Stay Cool: 10 Tips for Early Season Tailgating
Noon or 3:30 games in the South during the early parts of football season are brutal. The sun is intense and most stadiums offer little in the way of shade. Within minutes, you are sweating and dying of thirst. Lines are long for water, and when you finally get a $5 (or more) bottle of water, it is lukewarm and hard to drink. The water fountains don’t offer any better alternatives. Stay cool with our top tips to stay cool during early season tailgating and games.
Disclosure: This post contains affiliate links for all the RV Gadgets below. You get the same low prices and we earn a small commission to help us buy more RV tailgating gadgets. Or game tickets if you go on a shopping spree. Please go on a shopping spree!
- pop-up tents are the #1 way to stay cool and survive the tailgate. There really is no getting around it. If you don’t have one already, get a team pop-up tent. You can use it at the neighborhood pool or in your backyard until tailgate season, but you need this before you hit the blacktop. If you have the choice, pick a shady spot to park the RV. Also, take steps to keep it cool inside the RV – pull the blinds and close the drapes (consider blackout drapes), use vent covers and LED lights instead of incadensent lights, and run those fans. (cross-breezes are wonderful!) That also leads us directly to our next tip… Shade: RV awnings and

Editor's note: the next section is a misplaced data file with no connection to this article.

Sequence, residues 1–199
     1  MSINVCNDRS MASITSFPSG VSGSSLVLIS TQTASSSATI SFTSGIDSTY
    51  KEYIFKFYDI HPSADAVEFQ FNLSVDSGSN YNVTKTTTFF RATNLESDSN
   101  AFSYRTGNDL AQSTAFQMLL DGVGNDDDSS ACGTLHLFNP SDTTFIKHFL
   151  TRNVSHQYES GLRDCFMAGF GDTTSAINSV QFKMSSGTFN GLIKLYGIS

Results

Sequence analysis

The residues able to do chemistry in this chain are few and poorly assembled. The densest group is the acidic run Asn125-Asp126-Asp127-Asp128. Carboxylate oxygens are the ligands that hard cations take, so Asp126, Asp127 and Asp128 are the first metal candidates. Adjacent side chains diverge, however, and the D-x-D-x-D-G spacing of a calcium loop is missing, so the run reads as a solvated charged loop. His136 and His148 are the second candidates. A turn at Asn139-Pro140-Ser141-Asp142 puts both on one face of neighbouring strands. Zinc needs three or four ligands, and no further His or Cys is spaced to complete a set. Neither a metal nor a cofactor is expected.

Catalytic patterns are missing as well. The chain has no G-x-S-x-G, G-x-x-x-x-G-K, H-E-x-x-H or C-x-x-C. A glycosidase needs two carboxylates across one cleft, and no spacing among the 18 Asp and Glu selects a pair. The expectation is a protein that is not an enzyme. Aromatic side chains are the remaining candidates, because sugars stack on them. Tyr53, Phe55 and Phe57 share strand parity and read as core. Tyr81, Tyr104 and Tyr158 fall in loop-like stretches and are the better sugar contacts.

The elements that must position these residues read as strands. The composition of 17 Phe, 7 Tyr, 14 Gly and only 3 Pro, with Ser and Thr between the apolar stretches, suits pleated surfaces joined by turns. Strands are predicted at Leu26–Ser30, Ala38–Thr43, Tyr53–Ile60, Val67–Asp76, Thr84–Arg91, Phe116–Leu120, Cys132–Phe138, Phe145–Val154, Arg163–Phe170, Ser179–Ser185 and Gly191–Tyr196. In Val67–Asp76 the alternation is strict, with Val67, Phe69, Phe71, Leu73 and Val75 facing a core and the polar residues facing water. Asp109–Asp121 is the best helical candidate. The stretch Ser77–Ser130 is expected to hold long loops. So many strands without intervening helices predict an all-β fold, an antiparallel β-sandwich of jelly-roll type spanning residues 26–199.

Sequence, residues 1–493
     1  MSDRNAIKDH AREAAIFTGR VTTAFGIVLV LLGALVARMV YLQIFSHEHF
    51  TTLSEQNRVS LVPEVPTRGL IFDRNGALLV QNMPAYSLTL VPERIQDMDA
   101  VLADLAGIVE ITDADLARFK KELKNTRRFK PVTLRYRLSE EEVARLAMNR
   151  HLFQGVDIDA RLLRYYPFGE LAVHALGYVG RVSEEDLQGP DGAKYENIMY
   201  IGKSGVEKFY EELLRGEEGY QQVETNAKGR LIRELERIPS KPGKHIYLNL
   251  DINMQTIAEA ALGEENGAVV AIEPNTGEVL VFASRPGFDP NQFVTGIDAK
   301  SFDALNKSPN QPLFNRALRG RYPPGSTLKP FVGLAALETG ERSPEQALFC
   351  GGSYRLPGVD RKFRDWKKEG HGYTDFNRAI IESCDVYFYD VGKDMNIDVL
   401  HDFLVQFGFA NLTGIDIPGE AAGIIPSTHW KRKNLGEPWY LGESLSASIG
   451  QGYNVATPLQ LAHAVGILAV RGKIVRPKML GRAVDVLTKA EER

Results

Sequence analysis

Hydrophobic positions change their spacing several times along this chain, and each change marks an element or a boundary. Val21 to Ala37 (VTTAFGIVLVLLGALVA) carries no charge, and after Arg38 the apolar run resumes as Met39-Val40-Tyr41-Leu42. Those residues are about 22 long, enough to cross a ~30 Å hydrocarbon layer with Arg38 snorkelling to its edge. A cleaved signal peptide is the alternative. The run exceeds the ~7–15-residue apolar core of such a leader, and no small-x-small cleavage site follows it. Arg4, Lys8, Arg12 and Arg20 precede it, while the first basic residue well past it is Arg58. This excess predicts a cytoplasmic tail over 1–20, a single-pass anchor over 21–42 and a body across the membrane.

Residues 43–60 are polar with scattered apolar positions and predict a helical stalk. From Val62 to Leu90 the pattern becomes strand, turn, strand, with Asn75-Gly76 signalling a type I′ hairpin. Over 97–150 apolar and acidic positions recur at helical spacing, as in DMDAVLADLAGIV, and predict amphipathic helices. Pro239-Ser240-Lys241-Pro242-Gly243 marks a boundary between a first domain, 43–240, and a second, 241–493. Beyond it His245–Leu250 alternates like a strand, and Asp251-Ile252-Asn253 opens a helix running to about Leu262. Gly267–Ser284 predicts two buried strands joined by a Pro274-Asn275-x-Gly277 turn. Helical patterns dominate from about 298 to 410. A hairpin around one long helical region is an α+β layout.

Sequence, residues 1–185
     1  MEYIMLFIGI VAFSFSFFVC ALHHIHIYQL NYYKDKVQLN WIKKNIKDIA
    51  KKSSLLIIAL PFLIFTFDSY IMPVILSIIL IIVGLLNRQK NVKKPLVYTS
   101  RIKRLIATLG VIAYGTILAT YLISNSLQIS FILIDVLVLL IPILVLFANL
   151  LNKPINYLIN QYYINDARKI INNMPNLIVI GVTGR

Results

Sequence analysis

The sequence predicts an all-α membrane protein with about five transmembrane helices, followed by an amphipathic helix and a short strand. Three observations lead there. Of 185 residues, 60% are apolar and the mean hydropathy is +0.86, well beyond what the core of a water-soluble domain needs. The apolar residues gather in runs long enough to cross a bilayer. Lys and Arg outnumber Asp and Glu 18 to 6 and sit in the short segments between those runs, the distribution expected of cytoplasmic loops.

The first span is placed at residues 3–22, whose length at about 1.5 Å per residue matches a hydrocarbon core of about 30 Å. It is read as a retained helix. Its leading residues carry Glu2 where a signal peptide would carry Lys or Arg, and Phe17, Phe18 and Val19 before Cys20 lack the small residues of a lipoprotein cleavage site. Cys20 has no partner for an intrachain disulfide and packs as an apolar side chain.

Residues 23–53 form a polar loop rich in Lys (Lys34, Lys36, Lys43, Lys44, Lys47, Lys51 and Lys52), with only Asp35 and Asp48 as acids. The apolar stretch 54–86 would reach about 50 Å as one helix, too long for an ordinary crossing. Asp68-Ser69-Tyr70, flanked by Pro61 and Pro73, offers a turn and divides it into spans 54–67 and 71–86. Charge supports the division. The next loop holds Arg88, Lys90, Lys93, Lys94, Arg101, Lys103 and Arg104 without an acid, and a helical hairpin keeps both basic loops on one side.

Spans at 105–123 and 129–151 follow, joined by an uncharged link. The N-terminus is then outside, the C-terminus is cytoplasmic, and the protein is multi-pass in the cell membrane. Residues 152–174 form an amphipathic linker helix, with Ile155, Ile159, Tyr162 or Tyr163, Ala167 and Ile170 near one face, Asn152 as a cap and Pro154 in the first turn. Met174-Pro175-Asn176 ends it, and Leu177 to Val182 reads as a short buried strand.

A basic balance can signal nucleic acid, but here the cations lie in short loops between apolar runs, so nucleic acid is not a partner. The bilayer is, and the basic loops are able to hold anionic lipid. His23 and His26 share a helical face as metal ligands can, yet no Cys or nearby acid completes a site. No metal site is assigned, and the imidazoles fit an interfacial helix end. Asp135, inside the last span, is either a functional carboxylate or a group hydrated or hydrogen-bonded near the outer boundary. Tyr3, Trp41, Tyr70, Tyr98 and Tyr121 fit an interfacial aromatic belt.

- Fans: One of the great things about RV tailgating is electrical power for your tailgate! Roll out that extension cord and hook up a box fan to help circulate the air. Starter RV has a fan similar to this Lasko fan available from Amazon – it has a handy remote control so you don’t even have to get up from your tailgating chair to turn it up. I store it attached to the dog crate in the RV with a bungee cord.
- Misting Units: Ever seen those cool zones at a stadium or perhaps the misting fans on the sidelines? Create your own at the tailgate! One of our fellow RV tailgaters has an Artic Cover mister that runs on an 18-volt battery (the kind that fits your cordless power drill and other tools in your garage). If you are willing to spend a little more money, you can setup a Canopy Cool system that creates a mist zone through the entire pop-up tent or the length of your awning. Some fans have misting systems built-in (if you are buying a new fan, I recommend this feature). Take one of the portable mister fans with you for the game itself.
- Frozen Water: Georgia Tech made a change a few years ago to let season ticket holders bring food and non-alcoholic drinks in the stadium with a special clear season ticket holders bag. We made it even better by freezing the water bottles (careful if you try this with Coke bottles!). By about halftime, the ice has melted enough to drink ice cold water. Meanwhile, you won’t be paying $5 for a lukewarm bottle of water at the stadium. RV tailgaters have an advantage with the built-in freezer – you can take the frozen water bottles out just as you are leaving for the game, instead of letting them melt in the cooler. I’ve even been known to put koozies on the bottles to help them stay cold just that little bit longer. Check the rules for the stadium to see if you are allowed to bring in outside drinks. NFL stadiums will not let you do this. Only the lucky college stadiums permit it.Even if you can’t take water into the game with you, make sure that you stay properly hydrated. And yes, that means also keeping the alcohol to a minimum. Stick to beer instead of liquor at least.